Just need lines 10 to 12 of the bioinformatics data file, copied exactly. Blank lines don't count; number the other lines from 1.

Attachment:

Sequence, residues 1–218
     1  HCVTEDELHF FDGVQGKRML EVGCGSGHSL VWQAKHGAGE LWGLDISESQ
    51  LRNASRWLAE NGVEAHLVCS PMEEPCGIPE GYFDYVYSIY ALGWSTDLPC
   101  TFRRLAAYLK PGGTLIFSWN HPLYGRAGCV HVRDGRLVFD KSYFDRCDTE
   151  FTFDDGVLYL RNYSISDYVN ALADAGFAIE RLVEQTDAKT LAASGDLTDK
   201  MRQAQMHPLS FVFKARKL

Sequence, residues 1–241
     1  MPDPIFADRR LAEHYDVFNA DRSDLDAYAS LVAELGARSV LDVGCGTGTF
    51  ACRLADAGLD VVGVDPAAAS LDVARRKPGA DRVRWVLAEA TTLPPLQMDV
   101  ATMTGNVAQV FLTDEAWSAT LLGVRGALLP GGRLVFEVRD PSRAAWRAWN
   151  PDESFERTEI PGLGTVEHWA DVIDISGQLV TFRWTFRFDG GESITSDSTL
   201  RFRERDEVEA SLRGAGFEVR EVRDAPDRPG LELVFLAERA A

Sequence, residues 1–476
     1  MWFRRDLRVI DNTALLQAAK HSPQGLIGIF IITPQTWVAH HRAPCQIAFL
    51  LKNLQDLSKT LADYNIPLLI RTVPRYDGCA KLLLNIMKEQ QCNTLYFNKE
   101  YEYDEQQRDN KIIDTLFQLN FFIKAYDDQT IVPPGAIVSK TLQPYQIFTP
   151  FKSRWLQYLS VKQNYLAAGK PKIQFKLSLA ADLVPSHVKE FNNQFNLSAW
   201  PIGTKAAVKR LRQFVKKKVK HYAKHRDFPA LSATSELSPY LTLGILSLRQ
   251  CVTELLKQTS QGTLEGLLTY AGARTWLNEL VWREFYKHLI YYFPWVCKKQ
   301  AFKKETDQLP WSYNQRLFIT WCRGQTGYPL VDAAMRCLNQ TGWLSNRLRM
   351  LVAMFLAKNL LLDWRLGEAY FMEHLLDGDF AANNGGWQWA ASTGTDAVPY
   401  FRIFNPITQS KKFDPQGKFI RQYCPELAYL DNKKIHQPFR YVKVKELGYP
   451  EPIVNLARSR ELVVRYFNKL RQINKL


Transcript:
   101  ATMTGNVAQV FLTDEAWSAT LLGVRGALLP GGRLVFEVRD PSRAAWRAWN
   151  PDESFERTEI PGLGTVEHWA DVIDISGQLV TFRWTFRFDG GESITSDSTL
   201  RFRERDEVEA SLRGAGFEVR EVRDAPDRPG LELVFLAERA A